Looking ahead to 2022

We expect 2022 will be another year of good progress for the charities and work we support. What follows are just a handful of what we hope to see over the coming year.

Our core rewilding charity for the land is Heal Rewilding. Heal was only established in 2020 but has made great strides forward in its goal to raise money to buy land in England and then to rewild it. They are on target to secure their first site in 2022 which is being funded by a combination of donor grants and innovative lending. Watch this space!

Our core rewilding charity for the sea is Project Seagrass. Seagrass meadows promote biodiversity holding 40 times more marine life than seabeds without grass. They are able to store carbon dioxide, which contributes to global heating, at a rate 35 times faster than tropical rainforests. Seagrass meadows help prevent coastal erosion, as their long blades counter the ocean’s swell and provide a buffer to storm damage. Project Seagrass just kicked off their three year ReSOW UK project which will be critical in growing the evidence base in the UK on the efficiency of seagrass meadows. This work is more than just better assessing the storing and sequestering carbon by seagrass, but also looks at other “ecosystem services” that seagrass provides such as being an important nursery habitat for many fish species. Whilst we champion all things seagrass rewilding the sea needs to be thought of in a broader context. Project Seagrass are currently working on ideas to bring closer together the seagrass, saltmarsh, and oyster crowds in 2022 with restoration considered more at a seascape level. We look forward to supporting their efforts on this next year.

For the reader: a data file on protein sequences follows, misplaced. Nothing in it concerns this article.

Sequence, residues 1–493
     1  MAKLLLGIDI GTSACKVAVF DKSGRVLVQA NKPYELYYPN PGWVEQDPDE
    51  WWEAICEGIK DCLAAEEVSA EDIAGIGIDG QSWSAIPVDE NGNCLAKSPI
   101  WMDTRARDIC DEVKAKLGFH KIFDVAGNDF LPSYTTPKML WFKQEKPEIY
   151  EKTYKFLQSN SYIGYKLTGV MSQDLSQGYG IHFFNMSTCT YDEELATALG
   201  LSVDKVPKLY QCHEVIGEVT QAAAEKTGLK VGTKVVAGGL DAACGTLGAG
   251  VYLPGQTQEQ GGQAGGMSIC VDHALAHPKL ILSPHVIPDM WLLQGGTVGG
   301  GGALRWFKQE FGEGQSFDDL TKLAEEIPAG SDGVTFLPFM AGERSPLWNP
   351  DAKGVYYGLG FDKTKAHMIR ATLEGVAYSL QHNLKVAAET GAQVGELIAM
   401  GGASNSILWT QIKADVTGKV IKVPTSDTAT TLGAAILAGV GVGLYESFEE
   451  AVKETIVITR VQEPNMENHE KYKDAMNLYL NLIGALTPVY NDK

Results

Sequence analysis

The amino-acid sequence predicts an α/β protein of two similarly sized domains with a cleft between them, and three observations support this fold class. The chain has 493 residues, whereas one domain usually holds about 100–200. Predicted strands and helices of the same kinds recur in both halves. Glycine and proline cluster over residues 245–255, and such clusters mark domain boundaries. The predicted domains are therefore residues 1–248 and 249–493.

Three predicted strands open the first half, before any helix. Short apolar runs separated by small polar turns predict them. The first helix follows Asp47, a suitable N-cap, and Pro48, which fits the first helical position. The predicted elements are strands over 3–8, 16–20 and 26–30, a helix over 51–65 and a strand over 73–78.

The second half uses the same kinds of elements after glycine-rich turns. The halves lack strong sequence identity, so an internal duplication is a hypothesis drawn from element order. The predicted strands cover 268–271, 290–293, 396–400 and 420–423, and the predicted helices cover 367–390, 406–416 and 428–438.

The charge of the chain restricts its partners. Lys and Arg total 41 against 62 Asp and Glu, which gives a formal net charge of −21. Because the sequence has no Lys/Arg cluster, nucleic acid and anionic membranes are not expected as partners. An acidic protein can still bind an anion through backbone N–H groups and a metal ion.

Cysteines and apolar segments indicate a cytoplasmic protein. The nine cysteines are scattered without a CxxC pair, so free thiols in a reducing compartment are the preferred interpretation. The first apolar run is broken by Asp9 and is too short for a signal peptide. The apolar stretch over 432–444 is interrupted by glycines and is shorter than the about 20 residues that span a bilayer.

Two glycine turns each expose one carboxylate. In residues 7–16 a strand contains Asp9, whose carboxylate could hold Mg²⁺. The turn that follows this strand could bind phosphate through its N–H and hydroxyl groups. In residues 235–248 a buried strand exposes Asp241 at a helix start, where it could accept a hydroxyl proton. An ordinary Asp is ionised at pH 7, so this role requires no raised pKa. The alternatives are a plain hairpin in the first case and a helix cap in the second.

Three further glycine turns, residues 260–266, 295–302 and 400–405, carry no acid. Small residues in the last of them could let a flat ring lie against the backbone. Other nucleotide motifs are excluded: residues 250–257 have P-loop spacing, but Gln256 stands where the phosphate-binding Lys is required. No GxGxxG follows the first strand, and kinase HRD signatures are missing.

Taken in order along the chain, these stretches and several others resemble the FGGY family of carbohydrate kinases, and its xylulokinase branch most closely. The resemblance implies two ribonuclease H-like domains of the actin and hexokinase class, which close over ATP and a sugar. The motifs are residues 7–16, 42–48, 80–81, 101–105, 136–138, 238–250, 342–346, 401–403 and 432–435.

WildEast is on a mission to return 250,000 hectares or 20% of the land in East Anglia to nature. We will be supporting the team with their WildEdges initiative which calls on landowners to add a modest amount of regenerating scrub and grass buffers to land edges like hedgerows. WildEast has worked out that if all the hedges in their region were increased to an average of 10 metres that would return around 5% or 62,500 hectares to nature building in their words “great cathedrals of biodiversity” which would draw down millions of tonnes of carbon whilst also restoring the soil. The small ask of a few more metres of hedgerows makes a big difference!

2022 takes the crown from 2021 as the most important year in the climate emergency just as 2021 took it from 2020. The time for action is now and everyone can make difference. £20 sponsors a square of land at Heal Rewilding or even better become a Friend of Heal. Everyone can see what is happening in their local community. This could be helping the closest Marine Protected Area (Arran Coast is a great example and you can read about the importance of MPAs here) or by supporting an initiative like WildEast. Two of the best books we have read this year on the climate crisis and on what we need to happen are Bill Gates’ “How to Avoid a Climate Disaster” and John Doerr’s “Speed & Scale – Solving Our Climate Crisis”.

We will be much more active on social media in 2022 so please follow us on Twitter and Instagram.

All the very best for 2022

Nick & Elena Martin

December 2021